Multi-composer film soundtracks no longer elicit surprise and are considered the economical thing to do. Producers save money by compiling the tunes of various artists who use fresh singing voices. No one goes home unhappy.
In 2016, the trend caught on in January itself, when Wazir featured six composers on the seven-track album. Shantanu Moitra got two songs, Tere Bin and Maula Mere Maula. Ankit Tiwari, Prashant Pillai, Rochak Kohli, Gaurav Godkhindi and the rock group Advaita composed a track each. Did the soundtrack outlast the film’s popularity? Not quite. More importantly, did the score match up to the themes explored in the vigilante thriller?
Multi-composer soundtracks follow a standard template. One composer will churn out a dance track, another will deliver a stirring ballad, a third will ratchet up an intense sound. Are the six composers of Wazir on the same page with the film’s background score designer, Rohit Kulkarni? It is probably not a good question to ask.
Also in January, composer Clinton Cerejo tried to assemble musical heavyweights for his solo debut project, Jugni. At his behest, composer Vishal Bhardwaj sang Dugg Duggi Dugg and AR Rahman guest-composed Lakhon Salaam. The impressive feat of 12 songs fit well within the narrative, following the journey of a composer in search of a folk singer. The songs would have also made for a fantastic episode on Coke Studio. However, Cerejo’s musical outing was short-lived like the title of the film, which translates into a flickering firefly. Neither the film nor the music took off.
In the movies produced or directed by Neeraj Pandey, the focus is never on the music, as was the case with Airlift. Featuring four songs by Amaal Mallik, the soundtrack had a guest composition by Ankit Tiwari, who reworked Algerian singer Khaled’s international hit Didi as Dil Cheez Tujhe Dedi. The makers were trying to incorporate a popular song from the period in which the film is set (the evacuation of the Indian diaspora living in Kuwait in 1990) to lend an air of authenticity to the narrative.
Khaled’s track was released in 1992. This anomaly reiterates the lack of attention to detail paid to musical synchronicity in most Hindi film scripts.
Mastizaade rounded off January with three composers, Amaal Mallik, Meet Bros Anjjan, and Anand Raj Anand, and not one song registered with listeners.
The Divya Khosla-directed mushy love story Sanam Re was released in the Valentine month with nearly half a dozen other romantic titles. The title track, composed by Mithoon and sung by the ever-dependable Arijit Singh, was the only saving grace of the soundtrack, which was populated by four composers. Produced by T-Series Films, the album was an early sign of what the production house would be regurgitating in the following months.
March belonged to Kapoor and Sons. The soundtrack had six composers for five songs. Badshah and Amaal Mallik collaborated on the dance hit Kar Gayi Chull. Arko’s Saathi Rey, Tanishk Bagchi’s Bolna, and Mallik’s Buddhu Sa Mann got ample airplay but were overshadowed by the dance track. Did the songs merge into the plot of the film? Almost.
The April-June period was littered with multi-composer albums such as Ki & Ka (Ilaiyaraaja, Mithoon, Meet Bros Anjjan), Baaghi (Meet Bros, Amaal Mallik, Ankit Tiwari, Manj Musik), Sarbjit (Jeet Gannguli, Amaal Mallik, Tanishk Bagchi, Shail-Pritesh, Shashi Shivam) and Azhar (Amaal Mallik, Pritam, DJ Chetas). Even at the halfway mark, it was still too early to ask: why the herd mentality?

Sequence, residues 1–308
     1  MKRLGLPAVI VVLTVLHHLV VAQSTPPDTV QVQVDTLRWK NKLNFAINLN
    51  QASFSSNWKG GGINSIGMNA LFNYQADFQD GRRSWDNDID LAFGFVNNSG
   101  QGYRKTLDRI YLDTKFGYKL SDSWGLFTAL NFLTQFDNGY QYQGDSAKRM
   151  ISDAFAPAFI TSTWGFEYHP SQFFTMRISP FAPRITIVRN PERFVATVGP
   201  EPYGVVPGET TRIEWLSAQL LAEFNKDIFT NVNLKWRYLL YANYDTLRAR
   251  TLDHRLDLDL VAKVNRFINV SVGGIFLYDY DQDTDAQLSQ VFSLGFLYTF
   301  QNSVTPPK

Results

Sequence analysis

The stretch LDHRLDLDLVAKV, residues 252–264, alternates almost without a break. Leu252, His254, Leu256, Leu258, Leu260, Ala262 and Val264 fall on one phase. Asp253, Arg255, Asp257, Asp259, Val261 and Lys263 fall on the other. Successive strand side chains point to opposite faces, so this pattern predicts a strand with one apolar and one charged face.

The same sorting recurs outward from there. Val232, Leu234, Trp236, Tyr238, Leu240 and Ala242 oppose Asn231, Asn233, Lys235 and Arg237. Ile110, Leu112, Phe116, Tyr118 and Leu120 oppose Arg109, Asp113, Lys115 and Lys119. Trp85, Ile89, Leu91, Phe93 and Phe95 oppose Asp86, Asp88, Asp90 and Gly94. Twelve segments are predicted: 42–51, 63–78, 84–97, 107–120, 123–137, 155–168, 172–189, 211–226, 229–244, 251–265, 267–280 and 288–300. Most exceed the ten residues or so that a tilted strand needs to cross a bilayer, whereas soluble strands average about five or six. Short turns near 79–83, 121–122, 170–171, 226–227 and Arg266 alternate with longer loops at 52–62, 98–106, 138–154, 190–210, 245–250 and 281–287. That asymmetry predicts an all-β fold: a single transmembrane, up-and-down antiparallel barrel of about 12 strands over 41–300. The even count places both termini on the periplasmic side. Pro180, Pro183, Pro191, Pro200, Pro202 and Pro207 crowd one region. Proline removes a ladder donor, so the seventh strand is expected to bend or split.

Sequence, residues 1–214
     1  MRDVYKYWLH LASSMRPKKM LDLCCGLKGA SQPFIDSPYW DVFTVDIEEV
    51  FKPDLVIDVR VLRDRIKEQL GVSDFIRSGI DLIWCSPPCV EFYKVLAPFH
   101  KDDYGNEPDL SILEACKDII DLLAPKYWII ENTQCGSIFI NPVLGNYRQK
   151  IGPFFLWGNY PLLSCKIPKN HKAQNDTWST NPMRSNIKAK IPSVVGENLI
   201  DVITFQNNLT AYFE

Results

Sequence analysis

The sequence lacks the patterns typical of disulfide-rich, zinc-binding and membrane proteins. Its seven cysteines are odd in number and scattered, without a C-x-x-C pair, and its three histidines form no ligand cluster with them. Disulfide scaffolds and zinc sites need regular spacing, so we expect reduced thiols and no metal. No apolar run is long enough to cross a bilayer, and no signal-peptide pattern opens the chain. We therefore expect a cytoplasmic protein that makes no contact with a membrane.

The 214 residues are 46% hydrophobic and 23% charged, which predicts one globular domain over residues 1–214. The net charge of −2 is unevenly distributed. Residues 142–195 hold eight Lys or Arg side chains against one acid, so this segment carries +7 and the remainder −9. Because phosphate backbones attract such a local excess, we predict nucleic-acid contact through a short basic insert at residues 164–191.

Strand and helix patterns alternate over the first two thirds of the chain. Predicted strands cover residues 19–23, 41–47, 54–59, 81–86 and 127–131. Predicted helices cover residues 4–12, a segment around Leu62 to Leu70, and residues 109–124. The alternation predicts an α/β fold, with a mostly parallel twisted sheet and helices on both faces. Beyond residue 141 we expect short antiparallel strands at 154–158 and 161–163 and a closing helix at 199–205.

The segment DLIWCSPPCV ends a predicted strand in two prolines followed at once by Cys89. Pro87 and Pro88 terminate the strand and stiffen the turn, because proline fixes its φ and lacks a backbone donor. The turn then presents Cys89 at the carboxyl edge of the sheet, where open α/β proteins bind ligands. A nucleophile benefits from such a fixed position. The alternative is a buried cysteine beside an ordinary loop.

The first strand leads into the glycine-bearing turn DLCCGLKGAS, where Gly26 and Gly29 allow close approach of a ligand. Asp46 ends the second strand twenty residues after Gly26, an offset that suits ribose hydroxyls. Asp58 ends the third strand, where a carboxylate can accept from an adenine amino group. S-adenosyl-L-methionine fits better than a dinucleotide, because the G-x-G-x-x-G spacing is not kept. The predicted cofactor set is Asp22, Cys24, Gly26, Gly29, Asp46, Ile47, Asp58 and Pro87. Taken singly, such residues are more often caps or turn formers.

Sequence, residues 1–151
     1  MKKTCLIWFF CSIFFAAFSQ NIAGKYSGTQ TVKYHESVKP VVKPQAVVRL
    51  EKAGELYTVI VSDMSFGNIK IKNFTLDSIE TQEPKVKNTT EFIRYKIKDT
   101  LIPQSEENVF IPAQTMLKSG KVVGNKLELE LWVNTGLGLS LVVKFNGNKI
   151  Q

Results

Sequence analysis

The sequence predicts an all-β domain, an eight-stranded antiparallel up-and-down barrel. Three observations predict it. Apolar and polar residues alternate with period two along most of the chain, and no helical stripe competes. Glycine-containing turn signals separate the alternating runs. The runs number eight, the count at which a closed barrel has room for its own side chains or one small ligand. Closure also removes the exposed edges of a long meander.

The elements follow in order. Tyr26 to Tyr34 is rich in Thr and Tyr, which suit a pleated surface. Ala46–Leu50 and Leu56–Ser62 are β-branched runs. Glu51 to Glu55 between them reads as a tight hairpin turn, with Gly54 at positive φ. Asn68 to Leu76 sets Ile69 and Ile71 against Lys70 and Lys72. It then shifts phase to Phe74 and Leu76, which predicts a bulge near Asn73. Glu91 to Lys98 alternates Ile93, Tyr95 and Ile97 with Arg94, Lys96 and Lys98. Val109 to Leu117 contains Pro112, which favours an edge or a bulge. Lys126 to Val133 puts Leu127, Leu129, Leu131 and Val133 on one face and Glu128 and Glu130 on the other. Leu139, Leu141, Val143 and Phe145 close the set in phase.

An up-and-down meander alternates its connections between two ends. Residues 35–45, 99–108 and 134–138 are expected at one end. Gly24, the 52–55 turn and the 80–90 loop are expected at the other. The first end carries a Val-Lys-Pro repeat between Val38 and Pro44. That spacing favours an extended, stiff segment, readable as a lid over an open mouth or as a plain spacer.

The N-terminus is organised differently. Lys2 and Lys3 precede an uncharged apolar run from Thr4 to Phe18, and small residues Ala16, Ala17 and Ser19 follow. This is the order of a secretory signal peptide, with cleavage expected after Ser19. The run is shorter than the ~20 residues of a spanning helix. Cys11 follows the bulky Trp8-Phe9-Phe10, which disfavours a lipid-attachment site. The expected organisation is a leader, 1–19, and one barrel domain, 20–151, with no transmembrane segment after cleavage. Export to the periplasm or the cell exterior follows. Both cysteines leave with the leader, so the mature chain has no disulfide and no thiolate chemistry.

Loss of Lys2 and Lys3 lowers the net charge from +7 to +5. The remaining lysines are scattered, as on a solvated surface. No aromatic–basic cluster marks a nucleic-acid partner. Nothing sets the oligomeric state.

Rustom, produced by Neeraj Pandey, was released in August, with the soundtrack featuring four composers, Ankit Tiwari, Jeet Gannguli, Raghav Sachar and Arko Pravo Mukherjee. Tere Sang Yaara, written by lyricist Manoj Muntashir and composed by Mukherjee, was the cream of this crop.
The September release Baar Baar Dekho fared better with its songs (Amaal Mallik, Arko Pravo Mukherjee, Badshah, Jasleen Royal, Bilal Saeed), but the film tanked and the tunes scattered in the air. The remastered version of Kala Chashma, hovering around the curves of its leading lady Katrina Kaif, got the film early attention, but it wasn’t enough to get the movie up and running. No one questioned why the tune was reworked in the first place as it rolled out with the end credits. Was it an integral part of the plot? Far from it – but had it not been for the zingy number, would audiences have flocked to theatres to watch the time-travelling film?
The multi-composer soundtrack is a stunt that is used sometimes to prop up a weak film that is trying to ride on the crest of the sonic waves produced by talented musicians. When the film fails, the tunes are immediately laid to rest alongside in a freshly-dug grave.
Despite Baar Baar Dekho’s failure, Kala Chashma joins the ranks of Kar Gayi Chull as one of the year’s most-sought out dance tracks, but it is partly because the original Punjabi number has been around since 2005.
By the last quarter of the year, multi-composer albums thinned out as films gearing up for the holiday season were ushered in. The more-established names, including Shankar-Ehsaan-Loy (Mirzya, Rock On!! 2), Pritam (Ae Dil Hai Mushkil), Amit Trivedi (Dear Zindagi), Vishal-Shekhar (Befikre), and Pritam (Dangal) began to muscle their way in.
Vishal-Shekhar and Pritam went toe to toe in this period – Vishal-Shekhar had five soundtracks (Fan, Sultan, Akira, Banjo, Befikre). Pritam had three solo projects (Dishoom, Ae Dil Hai Mushkil, Dangal) and shared the soundtrack of Azhar with Amaal Mallik and DJ Chetas.
Both Pritam and Vishal-Shekhar’s work stood out for their popular tunes. Between them, they are likely to collect most trophies when the awards season begins. Multi-composer soundtracks are one way for aspiring musicians to prove their mettle. Until they make the leap as solo artists, they will have to continue to hope to be at the top of the heap and the music charts.